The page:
The Quietus - A new rock music and pop culture website

Reissue Of The Week

Reissue Of The Week: Laddio Bolocko's '97-99' Box Set
Sean Kitching , May 20th, 2022 10:24

Sean Kitching sings the praises of late ‘90s noise rock outfit, Laddio Bolocko, whose studio material is finally being reissued for the first time on vinyl by Castle Face Records, a band worthy of a much wider audience, and comparisons to Can and This Heat

Formed by guitarist Drew St. Ivany, bass player Ben Armstrong and drummer Blake Fleming, and later joined by Marcus DeGrazia on horns, Laddio Bolocko spent much of their existence, from 1996 to 2000, in near hermetic isolation in their rehearsal space in the Dumbo section of Brooklyn, and later in an abandoned ski lodge in Elka Park in the Catskills. St. Ivany and Armstrong (who would later form Psychic Paramount) met Fleming when their band Chalk 22 supported his math/jazz rock outfit Dazzling Killmen. Fleming, who founded Dazzling Killmen at the age of fifteen, played on early Mars Volta demos and later formed Electric Turn to Me. Laddio Bolocko, however, represented a pinnacle of achievement for all musicians involved, as well as being that rare thing from a critic’s perspective — a band that could be most easily described as sounding like Can and This Heat who made music that was actually deserving of such an epithet.

Yet Laddio Bolocko have been consistently under-appreciated. When I chose their track ‘Nurser’ for a Quietus writers’ Top 40 Noise Rock Tracks piece in 2016, editor John Doran, who is much more knowledgeable about the genre than I, was unaware of their existence. Hopefully this reissue (which sees two albums and an EP available on vinyl for the first time), will rectify this situation.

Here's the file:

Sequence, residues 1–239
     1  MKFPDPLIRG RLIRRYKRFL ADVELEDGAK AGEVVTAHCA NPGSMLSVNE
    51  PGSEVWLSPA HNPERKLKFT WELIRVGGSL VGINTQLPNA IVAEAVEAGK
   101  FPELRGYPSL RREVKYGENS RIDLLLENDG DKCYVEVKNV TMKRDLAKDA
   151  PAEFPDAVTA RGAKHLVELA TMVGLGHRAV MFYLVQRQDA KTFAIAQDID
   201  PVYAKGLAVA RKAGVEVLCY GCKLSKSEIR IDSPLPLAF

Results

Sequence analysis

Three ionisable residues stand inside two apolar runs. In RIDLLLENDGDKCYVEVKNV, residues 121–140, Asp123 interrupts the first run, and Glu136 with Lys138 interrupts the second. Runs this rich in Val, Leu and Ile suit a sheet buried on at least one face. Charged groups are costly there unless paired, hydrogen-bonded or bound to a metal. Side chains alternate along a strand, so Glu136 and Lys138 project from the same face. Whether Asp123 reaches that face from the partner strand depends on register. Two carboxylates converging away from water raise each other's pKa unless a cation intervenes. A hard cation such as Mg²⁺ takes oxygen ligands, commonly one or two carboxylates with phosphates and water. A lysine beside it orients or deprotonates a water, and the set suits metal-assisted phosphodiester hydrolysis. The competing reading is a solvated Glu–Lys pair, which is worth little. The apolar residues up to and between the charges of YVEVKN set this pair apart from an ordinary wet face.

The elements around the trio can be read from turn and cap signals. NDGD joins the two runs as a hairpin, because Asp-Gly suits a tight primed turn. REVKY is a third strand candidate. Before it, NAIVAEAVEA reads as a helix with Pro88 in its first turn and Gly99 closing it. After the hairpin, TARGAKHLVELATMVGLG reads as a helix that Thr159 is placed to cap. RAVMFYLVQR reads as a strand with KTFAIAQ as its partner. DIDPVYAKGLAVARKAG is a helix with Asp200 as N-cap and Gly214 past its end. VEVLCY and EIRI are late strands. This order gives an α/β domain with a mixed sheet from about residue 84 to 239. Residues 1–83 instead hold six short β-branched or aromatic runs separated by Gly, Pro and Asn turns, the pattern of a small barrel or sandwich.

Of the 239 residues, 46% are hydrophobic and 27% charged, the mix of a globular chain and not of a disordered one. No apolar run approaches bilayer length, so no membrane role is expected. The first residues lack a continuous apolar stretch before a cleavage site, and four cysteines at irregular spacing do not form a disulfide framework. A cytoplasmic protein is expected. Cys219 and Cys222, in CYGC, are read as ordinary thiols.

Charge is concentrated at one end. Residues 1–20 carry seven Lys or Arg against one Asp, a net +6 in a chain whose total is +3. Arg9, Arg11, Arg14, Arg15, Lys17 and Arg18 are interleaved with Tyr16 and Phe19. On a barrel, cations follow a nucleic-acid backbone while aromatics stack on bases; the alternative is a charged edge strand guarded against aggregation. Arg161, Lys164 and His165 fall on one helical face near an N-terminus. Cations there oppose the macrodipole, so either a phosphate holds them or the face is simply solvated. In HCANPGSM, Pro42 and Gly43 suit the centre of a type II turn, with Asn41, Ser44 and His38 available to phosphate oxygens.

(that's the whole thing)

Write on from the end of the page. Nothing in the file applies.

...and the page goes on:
One of the minds blown by Laddio Bolocko’s intense live show was John Dwyer of Thee Oh Sees and boss of the label behind the reissue, Castle Face Records. Dwyer caught the band after the booker at The Bottom of the Hill venue in San Francisco called him to suggest he attend their gig that night, because the previous night they had been “so mesmerising, so strong” that they had offered them the next night also.

Dwyer wrote: “I had my ass & ears handed to me that evening… I remember a sax as big as me, drums that were physically hanging on by a thread, and twin electric strings that reeled sinister sprites over my head in outwardly circular patterns. Aggressive, far-out fractals burned in my brain. I had never seen anything like this band, and never have again.”

The not-so-hard-to-fathom ‘secret’ behind Laddio Bolocko’s powerful and mesmerising sound, which also contained within it the seed of their eventual dissolution, was their 100 per cent commitment to their music. They were constantly playing, recording everything with their own equipment and listening back attentively to the results, establishing over time, a near telepathic connection between members, as did Can or This Heat before them.